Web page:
Years after Fort Ritchie opened for redevelopment, base remains shuttered

August 08, 2014|By Natalie Sherman, The Baltimore Sun

The redevelopment of a former Army post in the Blue Ridge Mountains might not appear to have much in common with the renovation of the historic Hippodrome Theatre on Baltimore's west side.

Spanning roughly 600 acres in Western Maryland's Washington County, Fort Ritchie envelops two small lakes and is speckled with spruce trees and gray stone buildings dating to the 1920s. It's hardly a theater in a gritty part of downtown.

But like the Hippodrome, the installation presents a daunting set of questions — multiple stakeholders with competing interests, historic considerations, a difficult location. Redevelopment also represents the area's best shot to recover the jobs and sense of community lost when the base closed in 1998.

"It's at least as big a challenge," said Robert Boras, a former project manager for the Hippodrome. PenMar Development Corp., a quasi-public agency established by the state in 1997 to find new uses for Fort Ritchie, hired Boras in March to inject new life into those efforts.

PenMar took back ownership of the site from a private developer in 2012, after previous efforts stalled in the face of lawsuits, disagreement over potential occupants and the economic downturn. A recent consultant's report on the property found that market potential for most real estate uses there "barely exists."

With the economy recovering, hopes have turned to the idea of data centers or perhaps a retirement community. Others have proposed, not entirely in jest, bottling the property's spring water.

But there is a lot of ground to make up. The 1998 closure removed an estimated 1,700 jobs from the community near the Pennsylvania state line north of Frederick. Recently constructed buildings languished. A movie theater, golf course and bowling alley shut down. In 2010, the census found that Highfield-Cascade had about 1,100 residents. Fewer than 400 — about half the population over the age of 16 — were employed.

"Most of the people I've talked to have said the same thing: 'We need something and we need it soon,' " said Buck Browning, executive director of the Fort Ritchie Community Center. "That's always tempered with, 'We need what's right.' "

Fort Ritchie is remote, about 90 minutes from Baltimore, down highways and up windy mountain roads that cross nearly unmarked train tracks still used for freight transport. The National Guard set up camp there in 1926, taking land formerly occupied by an ice company. Spies trained at the fort during World War II, and Agent Orange testing later occurred on the site.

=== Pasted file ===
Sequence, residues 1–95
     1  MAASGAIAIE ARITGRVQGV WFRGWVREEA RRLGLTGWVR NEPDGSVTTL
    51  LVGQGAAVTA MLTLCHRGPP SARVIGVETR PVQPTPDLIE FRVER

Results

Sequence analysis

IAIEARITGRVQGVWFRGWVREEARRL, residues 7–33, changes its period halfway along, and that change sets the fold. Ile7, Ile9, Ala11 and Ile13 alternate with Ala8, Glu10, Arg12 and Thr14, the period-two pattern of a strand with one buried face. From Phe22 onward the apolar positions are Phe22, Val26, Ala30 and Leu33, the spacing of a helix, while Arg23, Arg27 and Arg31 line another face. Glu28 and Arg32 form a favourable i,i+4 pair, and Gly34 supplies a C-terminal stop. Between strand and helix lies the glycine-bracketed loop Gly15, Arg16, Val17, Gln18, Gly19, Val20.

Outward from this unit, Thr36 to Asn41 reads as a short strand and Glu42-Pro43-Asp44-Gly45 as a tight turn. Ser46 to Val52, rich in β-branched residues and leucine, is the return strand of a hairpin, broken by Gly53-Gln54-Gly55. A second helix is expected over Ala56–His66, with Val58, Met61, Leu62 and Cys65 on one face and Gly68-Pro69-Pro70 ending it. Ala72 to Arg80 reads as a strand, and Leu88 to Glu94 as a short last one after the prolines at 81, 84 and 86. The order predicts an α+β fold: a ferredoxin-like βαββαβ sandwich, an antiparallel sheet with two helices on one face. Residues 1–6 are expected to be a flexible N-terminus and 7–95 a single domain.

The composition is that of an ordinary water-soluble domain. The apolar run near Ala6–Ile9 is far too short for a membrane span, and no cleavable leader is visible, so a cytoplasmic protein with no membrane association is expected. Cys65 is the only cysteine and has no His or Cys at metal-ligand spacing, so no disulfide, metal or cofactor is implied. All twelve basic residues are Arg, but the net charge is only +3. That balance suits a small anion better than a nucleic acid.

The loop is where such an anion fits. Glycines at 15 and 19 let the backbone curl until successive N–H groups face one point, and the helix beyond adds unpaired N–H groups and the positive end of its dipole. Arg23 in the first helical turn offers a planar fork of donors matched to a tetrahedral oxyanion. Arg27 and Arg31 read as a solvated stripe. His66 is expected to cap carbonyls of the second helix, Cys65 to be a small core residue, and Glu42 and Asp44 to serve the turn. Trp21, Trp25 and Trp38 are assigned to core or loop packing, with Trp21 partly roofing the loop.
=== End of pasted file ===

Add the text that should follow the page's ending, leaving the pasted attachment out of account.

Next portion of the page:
The grounds lie between the Camp David presidential retreat and "Site R" — a granite bunker hollowed out of Pennsylvania's Raven Rock mountain and considered the "underground Pentagon." That complex is the "secure, undisclosed location" where former Vice President Dick Cheney retreated after 9/11.

In the region's heyday more than a century ago, nearby towns, including Highfield-Cascade and Blue Ridge Summit in Pennsylvania, served as summertime retreats, dotted with hundreds of wooden boarding houses for weekend visitors who took the train from Washington and Baltimore. The nearby Appalachian Trail and Camp Louise, a girls' sleepaway camp founded in 1922, continue the rustic tradition.

The location, once an advantage, makes redevelopment difficult today.

"You take something like Fort Ritchie, which has a rich history and a lot of people care about it, but when you take a cold, hard look, it is remote, it is rocky and hilly in some places," said Ruth Anne Callaham, a county commissioner who is on the PenMar board and worked on the base for 13 years. "We're trying to swim upstream."

The Army spent nearly a decade cleaning up the base, removing bazooka rockets, mortar rounds and other waste, before transferring it to PenMar in 2006. PenMar immediately sold the base to Columbia-based Corporate Office Properties Trust.

COPT proposed a $300 million transformation of the site with 673 residences and 1.7 million square feet of offices for national security-related firms, creating as many as 4,500 jobs. It invested a reported $28 million, clearing some homes and installing a new electricity substation to power major data centers.

In 2012, after a court ordered further environmental review of the property and the CEO who pushed the project retired, COPT wrote off the investment. It paid PenMar $2 million to clear its debt and returned the property to the agency.

PenMar hired consultants from the Counselors of Real Estate to outline options for the site. The group's report last October found little demand for such property and concluded that COPT's plan for the area was "almost certainly overly ambitious." The report recommended looking at data centers or retirement communities, among other uses.

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